Tuesday, September 26, 2023

Indonesia Second Largest Food Waster

Dion Bisara
July 7, 2017 | 6:39 pm
The fact that Indonesia is the second largest food waster is ironic as millions of people in the country suffer from malnutrition. (Reuters Photo/Athit Perawongmetha)
The fact that Indonesia is the second largest food waster is ironic as millions of people in the country suffer from malnutrition. (Reuters Photo/Athit Perawongmetha)

Jakarta. According to the Economist Intelligence Unit, Indonesia is the world's second largest food waster, squandering nearly 300 kilograms of food per person each year.

The research unit within the Economist Group revealed in a 2016 study that Indonesia needs to revamp infrastructure and raise awareness among consumers to curb rising food wastage. The study, titled "Fixing Food: Towards a More Sustainable Food System," found that only Saudi Arabia is worse than Indonesia in food waste.

Other big wasters are the United States, which squanders nearly 277 kilograms of food per capita each year, and the United Arab Emirates, wasting 196 kilograms per person annually.

The high rate of food loss in Indonesia, an energy specialist says, could be due to inadequate infrastructure between food producing regions and major population centers, which causes delays in food transportation.


"There are issues in the supply chains, where we often encounter problems regarding the durability of food products [...] as they enter the market or reach customers," Aretha Aprilia, a renewable energy specialist at engineering company CDM Smith, told the Jakarta Globe on Wednesday (06/07).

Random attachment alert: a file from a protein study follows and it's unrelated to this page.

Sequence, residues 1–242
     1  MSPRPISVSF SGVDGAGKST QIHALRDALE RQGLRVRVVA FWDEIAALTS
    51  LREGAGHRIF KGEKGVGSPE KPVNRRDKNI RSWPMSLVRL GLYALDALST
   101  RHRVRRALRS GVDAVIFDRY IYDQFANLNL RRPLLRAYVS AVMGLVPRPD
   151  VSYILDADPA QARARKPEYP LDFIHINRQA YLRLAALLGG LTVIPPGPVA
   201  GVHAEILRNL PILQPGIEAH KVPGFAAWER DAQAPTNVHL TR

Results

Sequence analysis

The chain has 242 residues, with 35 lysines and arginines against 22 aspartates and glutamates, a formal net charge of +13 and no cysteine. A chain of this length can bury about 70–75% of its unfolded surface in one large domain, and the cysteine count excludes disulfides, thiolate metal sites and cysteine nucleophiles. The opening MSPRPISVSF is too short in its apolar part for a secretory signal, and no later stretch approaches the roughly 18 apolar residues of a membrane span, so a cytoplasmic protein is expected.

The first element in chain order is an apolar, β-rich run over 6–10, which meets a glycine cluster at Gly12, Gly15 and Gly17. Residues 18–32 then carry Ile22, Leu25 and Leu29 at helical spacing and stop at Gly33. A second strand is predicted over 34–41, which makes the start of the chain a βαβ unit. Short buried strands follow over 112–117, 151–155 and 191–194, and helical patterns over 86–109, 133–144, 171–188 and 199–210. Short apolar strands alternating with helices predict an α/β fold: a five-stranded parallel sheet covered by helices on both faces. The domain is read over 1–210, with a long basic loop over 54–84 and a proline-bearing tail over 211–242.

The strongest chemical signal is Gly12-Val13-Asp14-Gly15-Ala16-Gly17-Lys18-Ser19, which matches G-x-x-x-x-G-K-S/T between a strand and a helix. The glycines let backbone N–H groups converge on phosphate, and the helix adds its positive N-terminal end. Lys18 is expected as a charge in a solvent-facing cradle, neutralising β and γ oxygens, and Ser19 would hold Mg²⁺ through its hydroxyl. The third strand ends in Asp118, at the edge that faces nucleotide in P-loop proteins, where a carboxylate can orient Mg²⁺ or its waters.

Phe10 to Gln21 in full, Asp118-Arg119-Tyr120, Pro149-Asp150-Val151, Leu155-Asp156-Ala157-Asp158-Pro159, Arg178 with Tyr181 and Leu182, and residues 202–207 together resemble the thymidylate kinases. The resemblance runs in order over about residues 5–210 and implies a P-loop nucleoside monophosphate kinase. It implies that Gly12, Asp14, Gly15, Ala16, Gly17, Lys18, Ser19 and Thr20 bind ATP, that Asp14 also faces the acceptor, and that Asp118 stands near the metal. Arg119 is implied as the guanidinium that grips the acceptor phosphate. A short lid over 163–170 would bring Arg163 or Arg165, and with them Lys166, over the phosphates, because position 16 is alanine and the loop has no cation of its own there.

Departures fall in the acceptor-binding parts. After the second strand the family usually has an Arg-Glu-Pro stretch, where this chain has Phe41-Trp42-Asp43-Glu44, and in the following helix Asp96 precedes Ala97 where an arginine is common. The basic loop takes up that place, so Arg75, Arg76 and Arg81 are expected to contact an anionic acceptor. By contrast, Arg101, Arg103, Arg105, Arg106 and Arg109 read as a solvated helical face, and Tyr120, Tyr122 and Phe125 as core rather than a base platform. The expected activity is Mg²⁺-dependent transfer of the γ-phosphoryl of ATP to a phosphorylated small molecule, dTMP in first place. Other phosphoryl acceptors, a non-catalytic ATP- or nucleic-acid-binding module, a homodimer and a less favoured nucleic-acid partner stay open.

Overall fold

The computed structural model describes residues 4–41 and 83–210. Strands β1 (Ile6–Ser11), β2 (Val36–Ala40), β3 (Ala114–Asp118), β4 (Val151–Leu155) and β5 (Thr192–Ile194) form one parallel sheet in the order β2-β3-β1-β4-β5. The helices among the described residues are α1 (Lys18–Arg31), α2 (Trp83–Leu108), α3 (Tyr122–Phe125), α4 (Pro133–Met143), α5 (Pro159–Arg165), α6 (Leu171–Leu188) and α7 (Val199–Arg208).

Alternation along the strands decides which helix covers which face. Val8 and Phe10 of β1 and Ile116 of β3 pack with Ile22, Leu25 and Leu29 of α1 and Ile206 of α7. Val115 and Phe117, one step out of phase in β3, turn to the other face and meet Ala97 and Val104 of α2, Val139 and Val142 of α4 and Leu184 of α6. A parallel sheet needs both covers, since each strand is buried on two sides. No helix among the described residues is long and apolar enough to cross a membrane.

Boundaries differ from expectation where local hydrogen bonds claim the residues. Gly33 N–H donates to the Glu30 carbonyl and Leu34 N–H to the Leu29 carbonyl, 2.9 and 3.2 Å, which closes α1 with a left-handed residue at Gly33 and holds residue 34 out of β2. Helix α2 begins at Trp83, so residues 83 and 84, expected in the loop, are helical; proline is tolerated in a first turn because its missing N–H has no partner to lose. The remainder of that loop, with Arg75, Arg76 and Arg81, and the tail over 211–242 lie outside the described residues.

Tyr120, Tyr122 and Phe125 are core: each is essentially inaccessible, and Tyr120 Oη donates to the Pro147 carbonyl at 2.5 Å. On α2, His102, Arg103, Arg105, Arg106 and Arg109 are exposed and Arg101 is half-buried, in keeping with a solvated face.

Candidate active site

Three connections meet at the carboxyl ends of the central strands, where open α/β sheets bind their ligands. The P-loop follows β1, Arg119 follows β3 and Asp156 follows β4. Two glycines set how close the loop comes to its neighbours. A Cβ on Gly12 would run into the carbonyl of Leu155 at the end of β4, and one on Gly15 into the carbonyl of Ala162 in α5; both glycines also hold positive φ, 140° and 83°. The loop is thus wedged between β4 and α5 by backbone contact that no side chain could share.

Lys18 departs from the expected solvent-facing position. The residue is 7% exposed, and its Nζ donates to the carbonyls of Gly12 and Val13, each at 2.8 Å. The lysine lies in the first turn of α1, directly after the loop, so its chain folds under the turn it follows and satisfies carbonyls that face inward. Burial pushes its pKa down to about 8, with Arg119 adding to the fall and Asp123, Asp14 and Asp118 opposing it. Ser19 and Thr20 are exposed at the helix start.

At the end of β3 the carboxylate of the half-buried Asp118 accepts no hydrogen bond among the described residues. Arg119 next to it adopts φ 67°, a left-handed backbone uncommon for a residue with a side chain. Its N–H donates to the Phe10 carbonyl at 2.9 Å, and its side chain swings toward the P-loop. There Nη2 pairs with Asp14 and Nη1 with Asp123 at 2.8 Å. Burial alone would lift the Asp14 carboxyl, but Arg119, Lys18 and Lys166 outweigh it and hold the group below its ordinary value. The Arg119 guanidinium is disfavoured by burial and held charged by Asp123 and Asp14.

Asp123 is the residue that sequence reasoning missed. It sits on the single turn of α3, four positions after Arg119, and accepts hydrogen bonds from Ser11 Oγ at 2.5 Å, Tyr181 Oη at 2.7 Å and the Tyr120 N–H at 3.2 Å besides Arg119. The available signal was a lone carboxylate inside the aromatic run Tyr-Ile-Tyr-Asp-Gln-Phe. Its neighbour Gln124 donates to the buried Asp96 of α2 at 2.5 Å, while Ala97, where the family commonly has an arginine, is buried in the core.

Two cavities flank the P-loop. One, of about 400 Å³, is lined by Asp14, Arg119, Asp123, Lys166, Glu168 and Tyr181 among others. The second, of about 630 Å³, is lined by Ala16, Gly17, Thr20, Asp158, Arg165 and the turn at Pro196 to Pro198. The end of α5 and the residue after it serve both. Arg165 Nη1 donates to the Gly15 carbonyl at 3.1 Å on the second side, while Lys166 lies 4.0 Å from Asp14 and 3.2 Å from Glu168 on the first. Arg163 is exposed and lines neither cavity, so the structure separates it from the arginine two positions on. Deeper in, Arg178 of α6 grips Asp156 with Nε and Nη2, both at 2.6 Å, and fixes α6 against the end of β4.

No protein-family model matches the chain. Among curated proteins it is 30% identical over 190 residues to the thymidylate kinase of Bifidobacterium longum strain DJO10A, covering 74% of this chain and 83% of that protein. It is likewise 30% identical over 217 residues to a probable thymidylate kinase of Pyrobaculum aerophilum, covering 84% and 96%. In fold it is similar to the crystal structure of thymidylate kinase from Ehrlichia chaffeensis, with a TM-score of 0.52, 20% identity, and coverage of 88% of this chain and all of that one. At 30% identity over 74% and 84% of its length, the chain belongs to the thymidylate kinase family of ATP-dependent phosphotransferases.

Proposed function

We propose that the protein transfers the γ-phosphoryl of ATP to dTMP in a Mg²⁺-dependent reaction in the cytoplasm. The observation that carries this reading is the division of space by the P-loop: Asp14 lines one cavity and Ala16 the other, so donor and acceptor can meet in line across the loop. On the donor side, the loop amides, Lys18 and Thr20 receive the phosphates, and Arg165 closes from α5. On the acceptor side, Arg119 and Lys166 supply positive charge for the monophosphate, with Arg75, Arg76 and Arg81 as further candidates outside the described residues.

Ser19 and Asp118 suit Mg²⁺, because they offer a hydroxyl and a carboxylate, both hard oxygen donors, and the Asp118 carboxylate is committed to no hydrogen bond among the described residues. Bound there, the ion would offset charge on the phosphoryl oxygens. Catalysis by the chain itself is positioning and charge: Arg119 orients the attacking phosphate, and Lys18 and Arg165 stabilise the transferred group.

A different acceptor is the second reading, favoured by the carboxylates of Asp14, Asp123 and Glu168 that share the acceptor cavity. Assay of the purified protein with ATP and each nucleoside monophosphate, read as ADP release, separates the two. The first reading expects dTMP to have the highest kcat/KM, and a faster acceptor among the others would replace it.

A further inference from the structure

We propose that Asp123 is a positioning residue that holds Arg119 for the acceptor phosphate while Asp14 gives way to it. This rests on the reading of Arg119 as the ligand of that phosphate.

The EIU report also indicates the infrastructure issues, noting that Indonesia has undertaken steps to address post-harvest food loss, but they are "not comprehensive along the supply chain," the EIU said.

Indonesia, for example, has a cold storage capacity of only 200,000 tons of food, while this year it needs at least 1.7 million tons — 30 percent more than two years ago — according to an estimation from consulting firm Supply Chain Indonesia.

Indonesian consumers may also be to blame. Aretha's past study indicated that more than half of Jakarta's household waste was kitchen waste, which decomposes producing methane, one of the gases that contribute to the greenhouse effect and climate change.

The fact that Indonesians waste so much food is ironic as millions in the country suffer from malnutrition — 7.6 percent of the 260 million population, according to the EIU report. In this regard, Indonesia is only better than Ethiopia (32 percent) and India (15.2 percent).

More than 36 percent of Indonesian children under five suffer from stunting — reduced growth due to prolonged malnutrition, the report showed. About 14 percent of the kids suffer from an acute loss of muscle mass.


The EIU report recommends that the government start imposing fines on food wasters or offer incentives for households and businesses that make use of recoverable edible food for human consumption, animal feed, industrial uses, and anaerobic digestion and composting.

Infrastructure improvement is also essential in avoiding more food waste. President Joko "Jokowi" Widodo's administration already prioritizes infrastructure development, with toll roads and ports being built across the country. The government is also going to open the cold storage sector to foreign investors to accelerate its growth.

According to Aretha, knowledge is important as well. Indonesian farmers should be taught how to store their produce properly to avoid premature expiration.

"Consumers should also be made aware of the need to prevent food waste. In Japan and Thailand, some buffet restaurants require the customers to take only as much as they can eat and to impose if food is taken but not consumed," Aretha said.

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